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Solid-State Properties of Pharmaceutical Materials

Solid-State Properties of Pharmaceutical Materials

Stephen R. Byrn, George Zografi, Xiaoming (Sean) Chen

ISBN: 978-1-118-14530-2

Aug 2017

432 pages

In Stock

$195.00

Description

Presents a detailed discussion of important solid-state properties, methods, and applications of solid-state analysis
  • Illustrates the various phases or forms that solids can assume and discussesvarious issues related to the relative stability of solid forms and tendencies to undergo transformation
  • Covers key methods of solid state analysis including X-ray powder diffraction, thermal analysis, microscopy, spectroscopy, and solid state NMR
  • Reviews critical physical attributes of pharmaceutical materials, mainly related to drug substances, including particle size/surface area, hygroscopicity, mechanical properties, solubility, and physical and chemical stability
  • Showcases the application of solid state material science in rational selection of drug solid forms, analysis of various solid forms within drug substance and the drug product, and pharmaceutical product development
  • Introduces appropriate manufacturing and control procedures using Quality by Design, and other strategies that lead to safe and effective products with a minimum of resources and time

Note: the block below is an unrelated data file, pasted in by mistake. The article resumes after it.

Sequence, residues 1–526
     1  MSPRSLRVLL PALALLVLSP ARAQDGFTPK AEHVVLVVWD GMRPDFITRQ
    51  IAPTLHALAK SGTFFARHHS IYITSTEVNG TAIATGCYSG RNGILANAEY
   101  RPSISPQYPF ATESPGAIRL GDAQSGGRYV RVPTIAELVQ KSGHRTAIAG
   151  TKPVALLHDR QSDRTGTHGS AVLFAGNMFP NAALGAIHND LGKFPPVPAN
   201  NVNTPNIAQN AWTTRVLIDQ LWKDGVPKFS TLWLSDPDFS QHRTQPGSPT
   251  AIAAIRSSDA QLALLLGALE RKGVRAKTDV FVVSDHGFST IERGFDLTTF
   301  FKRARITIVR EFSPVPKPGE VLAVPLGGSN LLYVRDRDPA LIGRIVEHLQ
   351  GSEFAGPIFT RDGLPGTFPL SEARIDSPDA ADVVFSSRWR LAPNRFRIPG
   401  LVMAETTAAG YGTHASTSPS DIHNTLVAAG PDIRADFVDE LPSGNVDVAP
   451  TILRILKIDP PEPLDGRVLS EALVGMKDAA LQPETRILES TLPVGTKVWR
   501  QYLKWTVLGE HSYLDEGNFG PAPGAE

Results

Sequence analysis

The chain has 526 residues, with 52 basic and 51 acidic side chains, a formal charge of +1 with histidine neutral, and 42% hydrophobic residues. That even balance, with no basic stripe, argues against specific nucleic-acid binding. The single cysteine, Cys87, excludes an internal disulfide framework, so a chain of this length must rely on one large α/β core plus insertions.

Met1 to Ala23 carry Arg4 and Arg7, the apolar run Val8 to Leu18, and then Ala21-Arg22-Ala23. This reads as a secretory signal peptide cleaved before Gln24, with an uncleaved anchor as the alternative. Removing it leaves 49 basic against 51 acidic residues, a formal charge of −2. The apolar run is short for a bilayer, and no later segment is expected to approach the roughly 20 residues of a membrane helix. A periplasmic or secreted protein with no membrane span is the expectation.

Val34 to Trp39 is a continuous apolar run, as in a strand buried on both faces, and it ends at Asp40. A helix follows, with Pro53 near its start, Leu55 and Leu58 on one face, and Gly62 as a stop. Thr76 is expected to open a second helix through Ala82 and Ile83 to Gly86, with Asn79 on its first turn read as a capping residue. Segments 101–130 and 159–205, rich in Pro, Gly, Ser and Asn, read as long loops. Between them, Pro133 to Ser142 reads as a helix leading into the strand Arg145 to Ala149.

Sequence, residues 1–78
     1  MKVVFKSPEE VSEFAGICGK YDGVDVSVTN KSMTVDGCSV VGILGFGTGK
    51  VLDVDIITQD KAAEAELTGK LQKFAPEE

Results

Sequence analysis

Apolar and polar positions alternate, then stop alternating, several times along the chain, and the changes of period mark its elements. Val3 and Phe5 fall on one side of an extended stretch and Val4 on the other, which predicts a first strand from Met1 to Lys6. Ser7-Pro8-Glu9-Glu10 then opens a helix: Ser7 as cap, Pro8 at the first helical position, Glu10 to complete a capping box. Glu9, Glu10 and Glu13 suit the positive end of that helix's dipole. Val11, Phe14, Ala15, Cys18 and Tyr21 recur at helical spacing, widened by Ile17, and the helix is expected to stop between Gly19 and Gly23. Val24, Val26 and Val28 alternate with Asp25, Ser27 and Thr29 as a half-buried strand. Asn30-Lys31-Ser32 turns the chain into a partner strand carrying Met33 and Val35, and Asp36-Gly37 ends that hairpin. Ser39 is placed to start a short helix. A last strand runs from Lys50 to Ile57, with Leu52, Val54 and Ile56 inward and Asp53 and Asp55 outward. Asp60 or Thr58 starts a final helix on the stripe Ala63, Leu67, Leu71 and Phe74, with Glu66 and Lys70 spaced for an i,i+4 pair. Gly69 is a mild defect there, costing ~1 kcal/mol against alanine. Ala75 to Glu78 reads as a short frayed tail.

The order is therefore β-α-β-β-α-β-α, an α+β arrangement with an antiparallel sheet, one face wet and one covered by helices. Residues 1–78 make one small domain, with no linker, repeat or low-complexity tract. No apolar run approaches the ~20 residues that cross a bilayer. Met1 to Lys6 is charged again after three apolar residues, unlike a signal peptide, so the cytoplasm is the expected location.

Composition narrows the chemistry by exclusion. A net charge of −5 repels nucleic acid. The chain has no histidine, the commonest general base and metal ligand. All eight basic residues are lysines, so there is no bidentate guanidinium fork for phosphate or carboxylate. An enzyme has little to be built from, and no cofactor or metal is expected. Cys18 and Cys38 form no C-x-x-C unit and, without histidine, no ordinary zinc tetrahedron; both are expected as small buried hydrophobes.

Preface xi

Acknowledgments xiii

1 Solid-State Properties and Pharmaceutical Development 1

1.1 Introduction, 1

1.2 Solid-State Forms, 1

1.3 ICH Q6A Decision Trees, 6

1.4 “Big Questions” for Drug Development, 6

1.5 Accelerating Drug Development, 9

1.6 Solid-State Chemistry in Preformulation and Formulation, 11

1.7 Learning Before Doing and Quality by Design, 14

1.8 Performance and Stability in Pharmaceutical Development, 17

1.9 Moisture Uptake, 18

1.10 Solid-State Reactions, 19

1.11 Noninteracting Formulations: Physical Characterizations, 19

References, 20

2 Polymorphs 22

2.1 Introduction, 22

2.2 How are Polymorphs Formed?, 22

2.3 Structural Aspect of Polymorphs, 23

2.4 Physical, Chemical, and Mechanical Properties, 24

2.5 Thermodynamic Stability of Polymorphs, 27

2.6 Polymorph Conversion, 32

2.7 Control of Polymorphs, 34

2.8 Polymorph Screening, 35

2.9 Polymorph Prediction, 36

References, 36

3 Solvates and Hydrates 38

3.1 Introduction, 38

3.2 Pharmaceutical Importance of Hydrates, 38

3.3 Classification of Pharmaceutical Hydrates, 40

3.4 Water Activity, 42

3.5 Stoichiometric Hydrates, 43

3.6 Nonstoichiometric Hydrates, 44

3.7 Hydration/Dehydration, 45

3.8 Preparation and Characterization of Hydrates and Solvates, 45

References, 46

4 Pharmaceutical Salts 48

4.1 Introduction, 48

4.2 Importance of Pharmaceutical Salts, 48

4.3 Weak Acid, Weak Base, and Salt, 49

4.4 pH-Solubility Profiles of Ionizable Compounds, 51

4.5 Solubility, Dissolution, and Bioavailability of Pharmaceutical Salts, 53